Rules eased on athlete transfers
College athletes will no longer need permission from their coach or school to transfer and receive financial aid from another school.
The NCAA Division I Council approved the change effective Oct. 15 on Wednesday. The council also decided that D-I football players will be allowed to play in up to four games in a season without losing a year of eligibility if they can no longer play because of injuries “or other factors.”
The long-awaited transfer reform ended up being a narrow change, but should provide more freedom for athletes to transfer when and where they want.
Under the new rule, athletes would be permitted to be contacted when they notify their current coaches, who have two days to enter the names into a database created and managed by the NCAA that will alert schools who can be recruited. The change will come with stricter tampering rules to help appease coaches who worry illegal recruiting could rise.
Currently, an athlete must ask a coach for permission to contact other schools when choosing to transfer. A school interested in recruiting a transferring player also must ask the current school for permission to recruit. Without permission from the original school, the athlete cannot get financial aid from another school, essentially blocking a transfer.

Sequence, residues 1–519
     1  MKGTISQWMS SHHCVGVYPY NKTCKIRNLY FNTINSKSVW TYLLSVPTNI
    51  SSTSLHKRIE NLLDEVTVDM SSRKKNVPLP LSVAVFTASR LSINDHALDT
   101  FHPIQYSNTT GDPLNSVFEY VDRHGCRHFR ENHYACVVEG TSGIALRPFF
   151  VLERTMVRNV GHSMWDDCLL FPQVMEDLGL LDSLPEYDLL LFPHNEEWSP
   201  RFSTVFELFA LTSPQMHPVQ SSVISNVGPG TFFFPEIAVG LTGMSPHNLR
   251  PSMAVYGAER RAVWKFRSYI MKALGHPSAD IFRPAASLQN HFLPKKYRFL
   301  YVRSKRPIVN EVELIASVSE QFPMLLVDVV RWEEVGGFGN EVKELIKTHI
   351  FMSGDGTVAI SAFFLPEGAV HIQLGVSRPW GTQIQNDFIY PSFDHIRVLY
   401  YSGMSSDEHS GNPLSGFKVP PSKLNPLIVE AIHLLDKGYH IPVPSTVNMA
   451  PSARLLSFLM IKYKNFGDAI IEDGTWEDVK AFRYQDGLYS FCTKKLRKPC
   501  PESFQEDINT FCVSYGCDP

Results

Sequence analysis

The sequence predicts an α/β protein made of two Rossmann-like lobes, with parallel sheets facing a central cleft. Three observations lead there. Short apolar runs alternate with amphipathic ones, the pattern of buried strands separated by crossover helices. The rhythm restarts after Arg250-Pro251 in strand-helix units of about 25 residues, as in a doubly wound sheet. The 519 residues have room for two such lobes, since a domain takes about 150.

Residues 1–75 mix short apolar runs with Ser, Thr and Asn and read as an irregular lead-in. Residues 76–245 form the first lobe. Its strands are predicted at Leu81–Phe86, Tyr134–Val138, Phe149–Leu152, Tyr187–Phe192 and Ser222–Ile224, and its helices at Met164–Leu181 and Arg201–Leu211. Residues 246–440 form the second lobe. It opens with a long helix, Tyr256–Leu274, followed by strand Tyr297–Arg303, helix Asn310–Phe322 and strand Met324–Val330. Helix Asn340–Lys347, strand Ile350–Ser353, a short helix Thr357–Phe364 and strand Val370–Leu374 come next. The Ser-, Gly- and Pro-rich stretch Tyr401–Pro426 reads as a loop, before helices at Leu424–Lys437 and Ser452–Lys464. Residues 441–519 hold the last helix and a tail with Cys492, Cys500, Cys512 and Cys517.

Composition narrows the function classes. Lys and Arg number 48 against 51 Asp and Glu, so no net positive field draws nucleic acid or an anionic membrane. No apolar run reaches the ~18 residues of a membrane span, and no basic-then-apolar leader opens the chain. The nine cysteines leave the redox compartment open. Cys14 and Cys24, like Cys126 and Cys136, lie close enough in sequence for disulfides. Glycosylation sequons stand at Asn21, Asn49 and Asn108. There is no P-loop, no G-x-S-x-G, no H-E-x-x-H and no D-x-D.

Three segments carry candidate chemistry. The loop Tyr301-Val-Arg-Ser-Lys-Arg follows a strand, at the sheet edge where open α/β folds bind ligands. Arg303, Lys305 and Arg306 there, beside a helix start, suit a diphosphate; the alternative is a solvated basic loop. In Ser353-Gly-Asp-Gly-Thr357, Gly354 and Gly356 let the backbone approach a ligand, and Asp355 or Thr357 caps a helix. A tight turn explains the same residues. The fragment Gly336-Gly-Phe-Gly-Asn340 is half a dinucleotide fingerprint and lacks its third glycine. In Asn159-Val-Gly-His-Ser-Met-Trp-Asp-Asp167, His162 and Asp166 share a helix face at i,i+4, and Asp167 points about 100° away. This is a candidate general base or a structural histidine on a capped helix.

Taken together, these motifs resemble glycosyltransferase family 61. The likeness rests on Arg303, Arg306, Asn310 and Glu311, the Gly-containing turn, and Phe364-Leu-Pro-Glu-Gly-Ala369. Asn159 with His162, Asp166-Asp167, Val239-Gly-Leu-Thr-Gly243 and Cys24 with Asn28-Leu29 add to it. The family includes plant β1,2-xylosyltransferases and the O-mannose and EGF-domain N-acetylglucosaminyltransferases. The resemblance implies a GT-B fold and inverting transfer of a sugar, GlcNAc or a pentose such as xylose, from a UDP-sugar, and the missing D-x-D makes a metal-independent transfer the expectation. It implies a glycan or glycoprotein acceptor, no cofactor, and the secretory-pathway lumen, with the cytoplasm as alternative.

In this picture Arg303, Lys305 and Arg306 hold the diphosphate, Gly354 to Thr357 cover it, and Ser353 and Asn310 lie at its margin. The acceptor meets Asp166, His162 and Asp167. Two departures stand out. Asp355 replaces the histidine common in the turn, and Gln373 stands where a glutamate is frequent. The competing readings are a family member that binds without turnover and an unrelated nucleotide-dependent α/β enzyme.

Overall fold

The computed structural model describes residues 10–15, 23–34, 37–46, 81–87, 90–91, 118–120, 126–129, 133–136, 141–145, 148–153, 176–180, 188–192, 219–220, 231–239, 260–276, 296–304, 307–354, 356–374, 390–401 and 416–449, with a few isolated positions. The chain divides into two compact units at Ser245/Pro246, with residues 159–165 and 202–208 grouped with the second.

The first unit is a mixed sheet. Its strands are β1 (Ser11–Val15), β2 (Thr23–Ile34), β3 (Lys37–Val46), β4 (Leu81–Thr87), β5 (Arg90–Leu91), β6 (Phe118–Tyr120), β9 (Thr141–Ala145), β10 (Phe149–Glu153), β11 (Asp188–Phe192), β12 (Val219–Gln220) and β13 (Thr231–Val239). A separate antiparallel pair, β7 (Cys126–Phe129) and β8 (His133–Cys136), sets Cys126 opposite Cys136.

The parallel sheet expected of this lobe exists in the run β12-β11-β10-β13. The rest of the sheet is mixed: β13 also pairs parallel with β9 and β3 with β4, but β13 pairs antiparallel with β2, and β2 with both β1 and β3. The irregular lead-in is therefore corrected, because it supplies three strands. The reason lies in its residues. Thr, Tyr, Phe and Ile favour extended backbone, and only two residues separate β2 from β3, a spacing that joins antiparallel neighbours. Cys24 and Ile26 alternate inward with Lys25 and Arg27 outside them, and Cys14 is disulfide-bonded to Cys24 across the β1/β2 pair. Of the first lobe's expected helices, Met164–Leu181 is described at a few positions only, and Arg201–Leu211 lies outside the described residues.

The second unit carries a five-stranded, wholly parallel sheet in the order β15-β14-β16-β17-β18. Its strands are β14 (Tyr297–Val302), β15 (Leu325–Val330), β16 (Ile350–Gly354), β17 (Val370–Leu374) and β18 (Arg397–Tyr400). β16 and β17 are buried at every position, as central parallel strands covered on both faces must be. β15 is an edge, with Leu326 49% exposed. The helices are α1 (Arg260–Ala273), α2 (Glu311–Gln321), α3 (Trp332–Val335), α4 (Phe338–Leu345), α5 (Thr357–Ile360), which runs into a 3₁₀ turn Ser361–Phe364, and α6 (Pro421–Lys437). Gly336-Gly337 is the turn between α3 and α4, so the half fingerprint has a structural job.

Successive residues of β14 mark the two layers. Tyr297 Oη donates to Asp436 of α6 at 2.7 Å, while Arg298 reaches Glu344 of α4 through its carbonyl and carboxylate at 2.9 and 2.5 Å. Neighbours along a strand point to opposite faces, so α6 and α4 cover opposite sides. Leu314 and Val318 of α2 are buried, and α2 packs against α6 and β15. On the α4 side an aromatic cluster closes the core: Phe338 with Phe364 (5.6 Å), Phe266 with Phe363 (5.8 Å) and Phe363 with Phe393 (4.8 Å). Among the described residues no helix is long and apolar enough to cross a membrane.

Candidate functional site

Nicholas Clark, a former football player at Coastal Carolina and a member of a student representative on the council, said the change promotes fairness and the well-being of college athletes.
“This creates a safe place for student-athletes to have a conversation with their coaches and makes the whole process more transparent,” Clark said.
Standoffs between athletes and coaches over transfers have often led to embarrassing results for schools standing in the way of players who want to leave. Last spring at Kansas State, reserve receiver Corey Sutton said he was blocked him from transferring to 35 schools by coach Bill Snyder before the school finally relented amid public pressure.
Even with the new rule, conferences could still restrict athletes from transferring within the league.
The NCAA transfer working group, led by South Dakota State athletic director Justin Sell, has been working on reform since last year.
In this 2016 file photo, Kansas State wide receiver Corey Sutton is tackled by Missouri State cornerback Matt Rush. College athletes will no longer need permission from their coach or school to transfer and receive financial aid from another school.